I wanted to write something about the Imus case, but after reading my own words, realized they were just too inflammatory. It is a volatile topic – there’s no way around that.
My question is, should the treatment of Imus become the standard for all public misogynists and racists?
Back when I was hosting PM Magazine, I quickly learned, you can never find the perfect example for your story – never. Is the Imus case the perfect example of how punishment should be meted? Is Imus the perfect example of the new value of apologies?
There are already people using Imus as an example to call for the heads of such diverse figures as Rush Limbaugh and Jesse Jackson. Could there be two more dissimilar people?
Is Imus’ expulsion from the airwaves the beginning of the healing or the beginning of a bitter battle?
6 thoughts on “No Perfect Example”
I have note been able to find anyone citing your Matt Lauer quote. Please substantiate it or I will have to pull your comment.
Any independent citation from a news or web source will be fine. It doesn’t need to be a direct transcript.
All the best,
Lauer repeated to Moore the same blunt question he has been asked by others: “Is free speech a right of everyone except for white people?”
Thanks for finding it Charlie. Sorry I was slightly off on the quotation Geoff. Please feel free to edit it.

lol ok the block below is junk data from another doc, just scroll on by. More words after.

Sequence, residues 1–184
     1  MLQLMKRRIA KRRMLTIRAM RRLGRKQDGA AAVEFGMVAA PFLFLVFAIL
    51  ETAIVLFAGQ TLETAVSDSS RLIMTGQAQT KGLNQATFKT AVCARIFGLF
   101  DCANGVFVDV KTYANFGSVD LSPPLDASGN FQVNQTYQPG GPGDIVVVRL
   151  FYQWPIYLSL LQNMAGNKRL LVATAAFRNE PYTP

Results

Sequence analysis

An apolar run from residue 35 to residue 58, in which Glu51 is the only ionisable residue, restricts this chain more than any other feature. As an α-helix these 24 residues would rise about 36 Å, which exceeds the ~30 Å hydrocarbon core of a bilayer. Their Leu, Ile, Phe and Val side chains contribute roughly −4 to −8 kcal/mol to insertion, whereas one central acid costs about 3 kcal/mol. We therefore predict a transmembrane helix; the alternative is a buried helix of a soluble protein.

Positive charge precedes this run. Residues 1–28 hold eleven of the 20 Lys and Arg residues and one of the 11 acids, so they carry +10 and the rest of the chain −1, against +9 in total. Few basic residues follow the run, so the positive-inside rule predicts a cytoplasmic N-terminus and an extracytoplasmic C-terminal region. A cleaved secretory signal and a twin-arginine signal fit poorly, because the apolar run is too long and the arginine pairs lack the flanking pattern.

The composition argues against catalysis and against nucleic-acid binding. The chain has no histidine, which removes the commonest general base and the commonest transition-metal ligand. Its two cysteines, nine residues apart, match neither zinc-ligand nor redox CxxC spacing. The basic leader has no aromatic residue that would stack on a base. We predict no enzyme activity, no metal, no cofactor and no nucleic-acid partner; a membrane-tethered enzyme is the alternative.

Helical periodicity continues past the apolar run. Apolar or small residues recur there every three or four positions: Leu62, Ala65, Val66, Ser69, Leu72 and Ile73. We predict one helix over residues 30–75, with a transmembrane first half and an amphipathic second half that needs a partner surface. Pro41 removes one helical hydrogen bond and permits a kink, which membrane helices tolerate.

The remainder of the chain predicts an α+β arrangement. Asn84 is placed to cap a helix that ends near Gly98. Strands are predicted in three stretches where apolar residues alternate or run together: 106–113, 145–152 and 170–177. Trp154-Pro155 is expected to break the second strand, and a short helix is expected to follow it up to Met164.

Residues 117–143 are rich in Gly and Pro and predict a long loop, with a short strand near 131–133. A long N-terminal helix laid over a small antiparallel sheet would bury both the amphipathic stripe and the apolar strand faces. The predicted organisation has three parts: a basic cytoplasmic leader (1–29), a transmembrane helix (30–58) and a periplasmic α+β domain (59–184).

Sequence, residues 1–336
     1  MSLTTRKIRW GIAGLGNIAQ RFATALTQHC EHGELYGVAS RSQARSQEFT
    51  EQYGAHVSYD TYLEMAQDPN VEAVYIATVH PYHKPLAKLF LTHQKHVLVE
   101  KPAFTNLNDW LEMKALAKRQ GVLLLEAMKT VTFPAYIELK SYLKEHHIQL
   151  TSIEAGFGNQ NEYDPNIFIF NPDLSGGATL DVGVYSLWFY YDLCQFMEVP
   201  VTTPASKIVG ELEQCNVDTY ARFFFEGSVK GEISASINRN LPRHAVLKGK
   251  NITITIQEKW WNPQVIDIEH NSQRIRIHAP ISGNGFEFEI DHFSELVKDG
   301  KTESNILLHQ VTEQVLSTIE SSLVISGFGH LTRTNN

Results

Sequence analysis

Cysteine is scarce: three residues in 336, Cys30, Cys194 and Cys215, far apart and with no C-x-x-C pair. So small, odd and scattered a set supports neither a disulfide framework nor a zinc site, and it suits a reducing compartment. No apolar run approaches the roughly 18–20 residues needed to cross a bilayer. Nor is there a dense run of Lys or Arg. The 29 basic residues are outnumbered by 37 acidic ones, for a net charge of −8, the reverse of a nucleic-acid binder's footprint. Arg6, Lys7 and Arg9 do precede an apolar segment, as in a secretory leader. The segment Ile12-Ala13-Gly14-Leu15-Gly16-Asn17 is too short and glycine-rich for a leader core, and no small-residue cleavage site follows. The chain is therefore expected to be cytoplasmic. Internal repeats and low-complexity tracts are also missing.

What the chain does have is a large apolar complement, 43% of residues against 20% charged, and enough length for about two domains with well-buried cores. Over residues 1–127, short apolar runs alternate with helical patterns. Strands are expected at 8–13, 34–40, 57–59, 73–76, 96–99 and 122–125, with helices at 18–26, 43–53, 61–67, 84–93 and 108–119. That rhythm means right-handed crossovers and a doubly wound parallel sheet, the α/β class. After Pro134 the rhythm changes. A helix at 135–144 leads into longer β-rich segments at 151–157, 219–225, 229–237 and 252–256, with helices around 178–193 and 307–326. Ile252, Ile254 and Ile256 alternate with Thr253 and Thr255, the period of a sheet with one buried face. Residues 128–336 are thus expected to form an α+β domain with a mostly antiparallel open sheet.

I find it odd that as the media expresses outrage at Imus’s statement, they all seem to find it necessary to quote it frequently throughout their discussion. Is it right because they are only reporting what Imus said?
The real tragedy of the media coverage of both the Imus and the Duke cases is that the very real horrors of the conditions of Black people in this nation, and the long festering and as-yet-not-dealt-with legacy of slavery, is so easily subsumed in the public consciousness by a side show of self-promoting carnival clowns, charlatans, and buffoons.
I don’t think this is a black/white thing, at least not in this particular case.
The amount of freedom of speech that a broadcasting organization gives to one of its performers is directly related to how much money that performer pulls in. If you earn as much for your bosses as, say, Michael Savage, you can say all kinds of outrageous things; consider that when Savage got booted off MSNBC for berating a caller, his radio career was unaffected. But if, like Don Imus, your career is on its downward arc, you reach the point where you say something offensive and suddenly find that your asset/liability balance has tipped into the red. And out the door you go. Believe me, if Imus was producing revenues even a quarter as high as Rush Limbaugh’s, CBS would have found a way to accept his various acts of contrition and keep him on the air.